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Mets’ free agent spending this winter matches Marlins’ all-time total

Playing in the same division, living in different universes.

Houston Astros starting pitcher Justin Verlander (35) hugs Houston Astros shortstop Carlos Correa (1) on the field after clinching the Central Division after an MLB game between the Houston Astros and the Seattle Mariners at Minute Maid Park, Sunday, September 17, 2017. Houston Astros defeated Seattle Mariners 7-1. Photo by Juan DeLeon/Icon Sportswire via Getty Images

Money doesn’t fix everything, huh? Steve Cohen is challenging that conventional wisdom this offseason.

Despite coming off one of the most successful regular seasons in six decades of New York Mets baseball, there was plenty of anxiety around the club just a couple months ago. The Mets were upset on their home turf by the San Diego Padres in the NL Wild Card Series. Nearly half of the players on their playoff roster were set to become free agents. Merely keeping pace with the Braves and Phillies in their own division seemed like a tall task.

It’s been well-documented that Cohen, a longtime hedge fund manager, is the wealthiest owner in Major League Baseball. Even so, nobody imagined that he would flex his resources so brazenly just to take the incremental step from “World Series contender” to “World Series favorite.”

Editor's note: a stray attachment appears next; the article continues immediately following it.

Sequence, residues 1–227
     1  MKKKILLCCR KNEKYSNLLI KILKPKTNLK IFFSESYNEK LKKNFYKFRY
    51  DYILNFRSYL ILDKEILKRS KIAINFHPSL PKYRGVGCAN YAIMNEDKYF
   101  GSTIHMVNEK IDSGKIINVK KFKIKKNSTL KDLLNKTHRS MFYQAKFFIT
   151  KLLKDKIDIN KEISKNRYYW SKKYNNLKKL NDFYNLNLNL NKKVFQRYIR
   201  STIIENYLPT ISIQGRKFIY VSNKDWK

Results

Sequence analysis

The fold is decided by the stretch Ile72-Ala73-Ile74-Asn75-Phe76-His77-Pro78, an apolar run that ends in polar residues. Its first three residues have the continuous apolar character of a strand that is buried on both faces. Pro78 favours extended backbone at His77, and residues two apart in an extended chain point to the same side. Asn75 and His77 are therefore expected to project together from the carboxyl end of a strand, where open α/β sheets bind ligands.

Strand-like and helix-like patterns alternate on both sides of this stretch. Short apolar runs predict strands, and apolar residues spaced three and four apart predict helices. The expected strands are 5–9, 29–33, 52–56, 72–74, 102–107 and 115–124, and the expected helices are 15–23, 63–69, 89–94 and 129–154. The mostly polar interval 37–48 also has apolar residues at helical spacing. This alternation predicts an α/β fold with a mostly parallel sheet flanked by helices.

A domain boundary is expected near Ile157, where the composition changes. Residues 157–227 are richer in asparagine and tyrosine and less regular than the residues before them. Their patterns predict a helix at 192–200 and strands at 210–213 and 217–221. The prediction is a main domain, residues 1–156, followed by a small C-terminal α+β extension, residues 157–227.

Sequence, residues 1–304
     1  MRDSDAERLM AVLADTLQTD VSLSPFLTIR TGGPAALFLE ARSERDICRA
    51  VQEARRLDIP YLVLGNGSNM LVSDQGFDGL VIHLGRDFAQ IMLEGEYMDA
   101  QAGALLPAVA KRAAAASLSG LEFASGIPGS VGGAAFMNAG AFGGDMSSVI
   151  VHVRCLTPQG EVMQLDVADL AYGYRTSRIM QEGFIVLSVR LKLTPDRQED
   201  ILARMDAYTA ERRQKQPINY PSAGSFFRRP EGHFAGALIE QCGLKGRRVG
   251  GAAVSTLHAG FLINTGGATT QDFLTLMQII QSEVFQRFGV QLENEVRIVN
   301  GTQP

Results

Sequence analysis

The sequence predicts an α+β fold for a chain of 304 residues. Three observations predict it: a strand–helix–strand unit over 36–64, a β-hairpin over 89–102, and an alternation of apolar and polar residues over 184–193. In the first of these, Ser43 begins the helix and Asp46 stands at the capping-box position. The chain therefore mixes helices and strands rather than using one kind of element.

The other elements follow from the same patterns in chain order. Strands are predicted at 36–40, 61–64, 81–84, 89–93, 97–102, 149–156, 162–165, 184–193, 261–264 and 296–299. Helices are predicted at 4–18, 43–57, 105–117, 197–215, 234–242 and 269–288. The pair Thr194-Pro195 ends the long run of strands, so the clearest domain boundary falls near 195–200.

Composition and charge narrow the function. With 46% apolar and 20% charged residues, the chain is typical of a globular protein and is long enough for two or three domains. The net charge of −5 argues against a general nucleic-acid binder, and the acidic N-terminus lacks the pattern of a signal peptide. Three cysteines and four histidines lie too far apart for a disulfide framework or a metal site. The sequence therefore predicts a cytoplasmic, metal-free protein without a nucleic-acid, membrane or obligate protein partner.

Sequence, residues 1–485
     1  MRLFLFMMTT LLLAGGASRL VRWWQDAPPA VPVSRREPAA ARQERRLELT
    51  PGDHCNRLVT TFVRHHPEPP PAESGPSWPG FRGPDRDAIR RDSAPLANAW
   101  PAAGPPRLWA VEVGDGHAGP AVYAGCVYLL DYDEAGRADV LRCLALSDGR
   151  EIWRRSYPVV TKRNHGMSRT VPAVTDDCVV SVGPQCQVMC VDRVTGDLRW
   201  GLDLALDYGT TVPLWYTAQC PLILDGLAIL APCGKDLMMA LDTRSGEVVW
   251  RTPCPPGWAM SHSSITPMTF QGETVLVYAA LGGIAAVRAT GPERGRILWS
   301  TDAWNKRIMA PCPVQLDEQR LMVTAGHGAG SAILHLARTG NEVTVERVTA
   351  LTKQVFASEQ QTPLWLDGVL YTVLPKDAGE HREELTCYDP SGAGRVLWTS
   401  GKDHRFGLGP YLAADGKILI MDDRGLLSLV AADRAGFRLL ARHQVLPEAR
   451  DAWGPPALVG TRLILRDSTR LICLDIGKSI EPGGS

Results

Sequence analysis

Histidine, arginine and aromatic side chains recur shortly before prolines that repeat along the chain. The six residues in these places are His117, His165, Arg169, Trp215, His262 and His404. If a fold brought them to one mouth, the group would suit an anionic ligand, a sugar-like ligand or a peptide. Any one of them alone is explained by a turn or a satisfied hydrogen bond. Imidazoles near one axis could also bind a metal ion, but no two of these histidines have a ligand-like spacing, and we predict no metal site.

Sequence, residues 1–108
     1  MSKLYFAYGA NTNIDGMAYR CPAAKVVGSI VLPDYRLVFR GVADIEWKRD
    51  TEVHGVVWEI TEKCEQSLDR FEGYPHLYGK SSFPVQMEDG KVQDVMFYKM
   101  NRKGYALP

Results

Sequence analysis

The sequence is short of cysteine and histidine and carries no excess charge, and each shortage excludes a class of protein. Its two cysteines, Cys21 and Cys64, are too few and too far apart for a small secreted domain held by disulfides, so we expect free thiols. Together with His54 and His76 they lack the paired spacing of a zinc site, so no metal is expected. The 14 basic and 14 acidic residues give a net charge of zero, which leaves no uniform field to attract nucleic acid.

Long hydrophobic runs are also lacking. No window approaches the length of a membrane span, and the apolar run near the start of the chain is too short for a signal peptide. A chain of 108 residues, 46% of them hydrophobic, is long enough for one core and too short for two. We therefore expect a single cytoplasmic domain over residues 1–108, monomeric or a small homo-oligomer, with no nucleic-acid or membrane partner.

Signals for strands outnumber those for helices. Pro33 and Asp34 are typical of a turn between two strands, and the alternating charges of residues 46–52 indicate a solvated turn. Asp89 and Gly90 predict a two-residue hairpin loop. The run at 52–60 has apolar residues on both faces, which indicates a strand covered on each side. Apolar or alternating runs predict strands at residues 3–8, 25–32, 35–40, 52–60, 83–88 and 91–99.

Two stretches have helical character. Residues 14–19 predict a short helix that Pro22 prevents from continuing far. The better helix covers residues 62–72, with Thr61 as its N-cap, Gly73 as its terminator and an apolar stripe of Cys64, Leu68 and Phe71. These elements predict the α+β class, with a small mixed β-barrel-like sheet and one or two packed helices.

Including Wednesday’s reported agreement with Carlos Correa, the Mets have allocated $806.1 million in guaranteed money to free agents during the 2022-23 offseason (and we haven’t begun the “23” portion of it yet). By comparison, all of the players to sign major league free agent deals in the entire history of the Florida/Miami Marlins have received a cumulative guarantee of $807 million, per Cot’s Contracts. As Fish Stripes readers are painfully aware of, that number has not budged yet this winter.

Correa’s 12-year deal is twice the length of the Marlins’ record-setting, six-year pact with José Reyes. Reyes signed back in the good ol’ days when the Mets had less competitive owners who reluctantly parted with desirable players due to financial restraints. But during the Cohen era? Justin Verlander—all by himself—has a higher 2023 salary than the Marlins pitching staff and it is not even close and Max Scherzer’s salary is just as high. These teams are being constructed under the same rules, just with different levels of emotional investment.

Marlins chairman Bruce Sherman is deservedly getting skewered for withholding the dollars his front office needs to win the bidding for veteran players. It was somewhat understandable to sit out of the Correa sweepstakes given how many other holes there are on Miami’s roster, but whiffing on short-term floor-raisers like Justin Turner and Brandon Drury? This offseason has demoralized a fanbase known for setting very modest expectations.

The stat at the heart of this article is a reminder that Sherman is merely patterning his behavior off of his predecessors. For the vast majority of the Marlins’ existence, their owners have lacked the ambition to spend on talent upgrades. It puts immense pressure on all other aspects of the organization to compensate for this self-imposed handicap. It’s an unreasonable ask.